If you click onto nevadacitytours.com, you’ll note that the first listing takes you to zazzle, where you’ll initially see postcards, views of Nevada City and environs, that I took when I was regaining my walking skills after the second surgery in 2002.
The gallery is well within view here — it’s just to the right of the middle of the photo, inside the historic and very haunted New York Hotel. We feature very high-end ORIGINAL art by Chagall, Miro, Picasso, Degas, Manet, Gauguin, Matisse, Rembrandt, van Ostade and many more.
Our first offering will be a very rare and very personal Jasper Johns 0-9 lithograph in colors, pencil-signed and numbered, but the most important aspect of this offering is that it came from Sotheby’s and carries with it all the documentation from Sotheby’s auction house in New York City.
You’ll see at my gallery — and have a chance to buy or help sell — museum-grade art, which could be purchased by an art patron in your hometown, on the public’s behalf, then bequeathed to your local art museum. There may be tax benefits to the estate by so doing, but the social and cultural benefits far outweigh personal wealth. This can be a legacy that you can leave for future generations, or help facilitate if you can’t buy.
Here’s an example:
This is a very unusual form of Jasper Johns’ zero through nine series; it’s pencil-signed and numbered by the artist. It’s small, personal, and very, very limited in the edition size. JASPER JOHNS — Zero Through Nine (0-9) — color lithograph — Ca. 1978 — Edition 60 — Signed – Numbered – Dated – C 160×124 – S4 – G 781 – Full Margin — Sotheby New York – 05/13/87 – # 833.Continue reading →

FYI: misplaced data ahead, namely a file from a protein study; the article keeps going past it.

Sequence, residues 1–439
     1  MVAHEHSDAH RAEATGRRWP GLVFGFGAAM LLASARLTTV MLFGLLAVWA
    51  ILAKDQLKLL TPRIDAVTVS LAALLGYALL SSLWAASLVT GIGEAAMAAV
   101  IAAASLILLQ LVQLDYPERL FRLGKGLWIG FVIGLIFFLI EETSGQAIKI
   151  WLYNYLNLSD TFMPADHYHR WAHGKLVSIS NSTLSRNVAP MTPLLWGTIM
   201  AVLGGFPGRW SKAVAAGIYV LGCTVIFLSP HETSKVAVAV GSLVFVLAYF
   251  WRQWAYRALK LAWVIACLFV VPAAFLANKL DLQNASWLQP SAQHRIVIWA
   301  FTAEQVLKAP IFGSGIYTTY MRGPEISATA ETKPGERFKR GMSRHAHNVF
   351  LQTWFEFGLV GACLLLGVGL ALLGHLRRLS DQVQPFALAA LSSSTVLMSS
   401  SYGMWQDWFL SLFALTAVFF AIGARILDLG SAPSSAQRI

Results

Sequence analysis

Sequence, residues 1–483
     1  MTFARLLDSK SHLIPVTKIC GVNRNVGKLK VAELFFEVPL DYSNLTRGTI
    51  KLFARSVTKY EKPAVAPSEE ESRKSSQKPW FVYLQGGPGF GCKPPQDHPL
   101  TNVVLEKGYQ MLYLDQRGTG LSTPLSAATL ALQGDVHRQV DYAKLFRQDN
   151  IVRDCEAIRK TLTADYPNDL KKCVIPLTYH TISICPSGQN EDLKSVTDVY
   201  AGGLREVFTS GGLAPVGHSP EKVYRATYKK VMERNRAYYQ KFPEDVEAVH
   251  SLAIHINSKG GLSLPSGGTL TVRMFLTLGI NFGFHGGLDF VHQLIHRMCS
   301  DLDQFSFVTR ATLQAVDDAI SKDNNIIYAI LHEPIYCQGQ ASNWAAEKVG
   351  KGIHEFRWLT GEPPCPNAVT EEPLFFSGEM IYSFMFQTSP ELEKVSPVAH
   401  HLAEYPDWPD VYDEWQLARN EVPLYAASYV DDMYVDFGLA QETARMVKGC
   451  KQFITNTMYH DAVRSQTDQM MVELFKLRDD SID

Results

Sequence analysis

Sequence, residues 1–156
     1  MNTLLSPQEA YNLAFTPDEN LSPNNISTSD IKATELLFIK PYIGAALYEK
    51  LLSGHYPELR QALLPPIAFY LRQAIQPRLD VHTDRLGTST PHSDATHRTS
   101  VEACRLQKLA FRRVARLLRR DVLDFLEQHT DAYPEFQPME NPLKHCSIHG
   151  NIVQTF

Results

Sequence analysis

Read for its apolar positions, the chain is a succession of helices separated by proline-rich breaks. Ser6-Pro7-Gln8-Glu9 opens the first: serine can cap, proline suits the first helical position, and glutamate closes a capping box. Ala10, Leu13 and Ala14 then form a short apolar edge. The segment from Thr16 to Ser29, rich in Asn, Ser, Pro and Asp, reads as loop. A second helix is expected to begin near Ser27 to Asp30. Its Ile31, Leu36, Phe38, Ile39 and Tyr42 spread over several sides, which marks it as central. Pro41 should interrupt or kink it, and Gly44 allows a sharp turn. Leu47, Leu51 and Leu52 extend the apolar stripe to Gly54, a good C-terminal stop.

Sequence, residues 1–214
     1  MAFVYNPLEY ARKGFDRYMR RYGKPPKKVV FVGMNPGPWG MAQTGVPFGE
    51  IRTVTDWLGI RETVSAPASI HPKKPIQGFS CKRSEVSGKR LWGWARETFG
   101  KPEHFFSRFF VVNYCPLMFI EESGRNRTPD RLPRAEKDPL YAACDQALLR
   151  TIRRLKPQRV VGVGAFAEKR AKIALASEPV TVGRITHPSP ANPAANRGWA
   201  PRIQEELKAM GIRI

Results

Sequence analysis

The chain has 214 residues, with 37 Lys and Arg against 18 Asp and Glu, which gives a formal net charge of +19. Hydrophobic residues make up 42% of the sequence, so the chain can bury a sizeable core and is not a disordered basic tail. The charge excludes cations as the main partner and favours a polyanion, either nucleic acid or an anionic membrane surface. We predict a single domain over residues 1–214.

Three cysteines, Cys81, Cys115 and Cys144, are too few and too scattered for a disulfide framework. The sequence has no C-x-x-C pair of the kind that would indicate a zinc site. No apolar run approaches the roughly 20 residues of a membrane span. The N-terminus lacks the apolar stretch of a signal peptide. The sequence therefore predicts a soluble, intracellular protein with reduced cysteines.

JOAN MIRO — Original Mourlot Hand-Pulled Stone Lithograph printed on wove paper, it is the back cover of ” XXe Siecle #4″, published in 1954; edition size about 5,000, probably a few hundred circulating around nowadays, or far less, as a result of many of them falling into a permanent collection of a library, university or museum. A very rare original print with lots of early primitivism and strong paint strokes. The double “X” signifies the “twentieth century” aspect of the famous high-grade French art “magazine” of the Golden Age of Art. Condition is Extra-Fine.
Bidding Range: $950 – $1500
SIDE-NOTES: This is hard to find, and expensive to buy, with no hope of “fast turnover”. It may take years to sell a print in a gallery. There are some XXe Siecle originals on eBay, and a lot of things that people THINK are XXe Siecle that are also there. Some prints are as low as $30 bucks or so, when the seller is unaware of the value of the print, and when the artist is not as well-collected, highly valued or among the “Big Name Artists” like Rembrandt, Renoir, Chagall, Miro, Picasso, and Matisse. It’s not a good idea to seek out bargains in the art market. You pay for what you get, and you get what you pay for.Continue reading →
This is an original signed Picasso copperplate etching. It’s one of many “Blue Chip” art pieces I sacrifice to bring people into an art auction. It makes no money for the charity, does nothing to help the finances, and must be replaced with something equally pricey for the next auction. It is strictly a “Loss Leader”, intended to attract an audience, and I’d frankly be happier without them, and I’ll tell you why:
First of all, nobody but an art dealer would know that these things are even for sale, and very few of them even have an inkling of what they’re worth, where to find them and how to authenticate them beyond doubt — you DON’T want returns.
These are original 17th century lifetime impressions produced by Rembrandt van Rijn in Holland, about 1640-ish. They come from very powerful collections with great and unusually clear provenance, meaning they can be traced back to previous owners quite far in the past. Pieces like this generally sell for anywhere from $24,000 to $150,000 for the very rare “St. Jerome in a Dark Chamber”, which came from the collection of Theodore Donson, the world’s most famous Rembrandt collector today. So how come if you brought these into a gallery or a dealer, the best they could offer would be a hundred bucks each, and that’s FRAMED!!! If you don’t get what the game is, tune in Saturday morning at 6;30 a.m. for a serious tutorial on selling stuff into a bad economy. There’s an ART to it, not just dumb luck or running full-tilt against a brick wall. See you on the ICW. If you don’t know how to join us there, ASK!!!